PARTNER-IN-CHARGE DIRECTION DU PROJET:
Manca ormai un mese alla nuova edizione di ARCHMARATHON 2016, l’evento di architettura che vedrà 42 studi internazionali contendersi il prestigioso ARCHMARATHON AWARDS, in calendario dal 13 al 15 Maggio presso lo Studio 90 degli East End Studios di Milano: un’appuntamento di dialogo tra attori diversi che operano nel mercato dell’architettura e delle costruzioni, per promuovere uno scambio internazionale di idee.
La location è a Milano e si trova vicino all’aeroporto di Linate, una location raggiungibile facilmente con tutti i mezzi.
Come per l’edizione 2014, l’organizzazione di ARCHMARATHON ha deciso di mettere a disposizione degli Ordini degli Architetti un servizio transfer gratuito per Milano, questi quelli già attivi in cui è possibile registrarsi:
– Asti / domenica 15 maggio – www.archmarathon.com/bus/pullman_asti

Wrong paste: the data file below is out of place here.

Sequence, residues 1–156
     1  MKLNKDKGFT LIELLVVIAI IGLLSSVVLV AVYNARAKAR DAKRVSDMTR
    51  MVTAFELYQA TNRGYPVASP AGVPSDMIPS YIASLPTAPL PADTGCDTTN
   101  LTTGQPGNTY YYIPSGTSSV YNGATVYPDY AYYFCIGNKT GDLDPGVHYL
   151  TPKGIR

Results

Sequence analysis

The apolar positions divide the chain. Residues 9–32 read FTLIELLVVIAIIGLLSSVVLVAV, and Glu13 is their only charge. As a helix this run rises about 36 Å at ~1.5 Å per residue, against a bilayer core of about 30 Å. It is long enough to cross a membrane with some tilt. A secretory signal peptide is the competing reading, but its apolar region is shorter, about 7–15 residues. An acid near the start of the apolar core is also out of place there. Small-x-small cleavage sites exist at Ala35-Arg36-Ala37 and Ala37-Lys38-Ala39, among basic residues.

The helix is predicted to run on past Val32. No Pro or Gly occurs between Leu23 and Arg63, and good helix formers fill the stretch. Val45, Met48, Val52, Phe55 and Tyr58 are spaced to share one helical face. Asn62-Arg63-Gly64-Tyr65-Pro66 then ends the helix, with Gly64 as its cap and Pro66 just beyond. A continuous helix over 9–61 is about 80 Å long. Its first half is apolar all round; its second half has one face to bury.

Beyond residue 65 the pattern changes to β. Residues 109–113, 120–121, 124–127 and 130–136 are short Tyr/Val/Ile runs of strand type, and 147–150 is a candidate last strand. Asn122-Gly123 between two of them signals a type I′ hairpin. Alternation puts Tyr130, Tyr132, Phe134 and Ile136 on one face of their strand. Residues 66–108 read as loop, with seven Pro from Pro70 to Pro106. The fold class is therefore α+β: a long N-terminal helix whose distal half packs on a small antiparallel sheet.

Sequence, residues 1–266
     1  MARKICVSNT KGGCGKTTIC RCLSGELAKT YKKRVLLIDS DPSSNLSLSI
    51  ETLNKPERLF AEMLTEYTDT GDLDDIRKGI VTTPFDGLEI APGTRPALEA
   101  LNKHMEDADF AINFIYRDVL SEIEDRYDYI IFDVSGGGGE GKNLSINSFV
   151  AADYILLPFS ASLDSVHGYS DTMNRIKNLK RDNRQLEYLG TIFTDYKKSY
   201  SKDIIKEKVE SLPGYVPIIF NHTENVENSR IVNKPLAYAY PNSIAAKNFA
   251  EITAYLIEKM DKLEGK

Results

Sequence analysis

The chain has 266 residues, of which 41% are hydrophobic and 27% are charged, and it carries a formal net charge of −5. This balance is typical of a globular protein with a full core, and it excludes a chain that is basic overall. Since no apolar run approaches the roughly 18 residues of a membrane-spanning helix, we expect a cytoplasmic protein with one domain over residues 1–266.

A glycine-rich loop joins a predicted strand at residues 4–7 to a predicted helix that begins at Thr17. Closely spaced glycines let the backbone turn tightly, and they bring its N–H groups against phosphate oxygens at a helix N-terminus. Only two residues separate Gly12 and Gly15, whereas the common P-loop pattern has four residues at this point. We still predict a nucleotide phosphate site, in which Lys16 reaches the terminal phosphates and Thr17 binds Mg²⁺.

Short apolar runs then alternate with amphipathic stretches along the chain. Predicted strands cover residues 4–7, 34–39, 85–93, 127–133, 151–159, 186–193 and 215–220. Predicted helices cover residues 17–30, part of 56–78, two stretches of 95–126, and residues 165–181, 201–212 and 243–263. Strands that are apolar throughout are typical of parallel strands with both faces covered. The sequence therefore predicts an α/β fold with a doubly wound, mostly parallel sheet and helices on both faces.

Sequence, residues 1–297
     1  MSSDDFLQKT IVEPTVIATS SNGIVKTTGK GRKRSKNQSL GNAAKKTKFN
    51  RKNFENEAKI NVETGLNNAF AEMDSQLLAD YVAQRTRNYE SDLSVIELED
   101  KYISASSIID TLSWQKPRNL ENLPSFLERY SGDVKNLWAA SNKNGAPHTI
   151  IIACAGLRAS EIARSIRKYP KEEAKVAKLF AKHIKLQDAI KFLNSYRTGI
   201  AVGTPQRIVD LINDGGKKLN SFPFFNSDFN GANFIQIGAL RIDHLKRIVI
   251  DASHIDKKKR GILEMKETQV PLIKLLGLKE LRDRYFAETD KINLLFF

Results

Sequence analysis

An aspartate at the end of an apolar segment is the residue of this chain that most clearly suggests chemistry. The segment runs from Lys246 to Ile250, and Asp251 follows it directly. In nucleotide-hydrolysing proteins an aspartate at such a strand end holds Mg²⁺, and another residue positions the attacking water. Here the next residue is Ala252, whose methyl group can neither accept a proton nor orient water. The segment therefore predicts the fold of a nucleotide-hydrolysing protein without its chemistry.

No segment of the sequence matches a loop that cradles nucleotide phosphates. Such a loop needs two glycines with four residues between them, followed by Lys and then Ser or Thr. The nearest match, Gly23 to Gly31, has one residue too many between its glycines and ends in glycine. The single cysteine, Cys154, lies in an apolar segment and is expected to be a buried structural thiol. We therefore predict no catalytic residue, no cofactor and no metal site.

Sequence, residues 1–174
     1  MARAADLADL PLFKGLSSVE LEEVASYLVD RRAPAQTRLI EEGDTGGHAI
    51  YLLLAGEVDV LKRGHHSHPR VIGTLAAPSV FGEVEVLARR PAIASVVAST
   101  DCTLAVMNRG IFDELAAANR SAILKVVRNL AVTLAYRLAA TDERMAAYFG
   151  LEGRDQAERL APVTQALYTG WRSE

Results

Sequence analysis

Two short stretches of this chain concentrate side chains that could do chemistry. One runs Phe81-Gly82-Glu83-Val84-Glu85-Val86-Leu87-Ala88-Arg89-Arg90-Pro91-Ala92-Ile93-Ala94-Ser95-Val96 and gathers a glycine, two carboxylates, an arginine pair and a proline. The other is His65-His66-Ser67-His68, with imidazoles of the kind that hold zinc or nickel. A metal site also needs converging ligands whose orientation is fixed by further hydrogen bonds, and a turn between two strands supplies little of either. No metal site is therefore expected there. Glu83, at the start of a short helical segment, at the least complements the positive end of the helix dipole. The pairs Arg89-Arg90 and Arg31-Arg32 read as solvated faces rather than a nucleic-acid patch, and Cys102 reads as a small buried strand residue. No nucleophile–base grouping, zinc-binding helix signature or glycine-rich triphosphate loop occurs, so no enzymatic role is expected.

– Biella / sabato 14 maggio – www.archmarathon.com/bus/archmarathon_biella
– Bologna / sabato 14 maggio – www.archmarathon.com/bus/archmarathon_bologna
– Bolzano / sabato 14 maggio – www.archmarathon.com/bus/pullman_bolzano
– Cuneo / domenica 15 maggio – www.archmarathon.com/bus/pullman_cuneo
– Forlì Cesena / sabato 14 maggio – www.archmarathon.com/bus/archmarathon_forli_cesena
– Genova / venerdì 13 maggio – www.archmarathon.com/bus/archmarathon_genova
– La Spezia / venerdì 13 maggio – www.archmarathon.com/bus/archmarathon_la_spezia
– Livorno / venerdì 13 maggio – www.archmarathon.com/bus/pullman_livorno
– Massa-Carrara / venerdì 13 maggio – www.archmarathon.com/bus/archmarathon_Massa-Carrara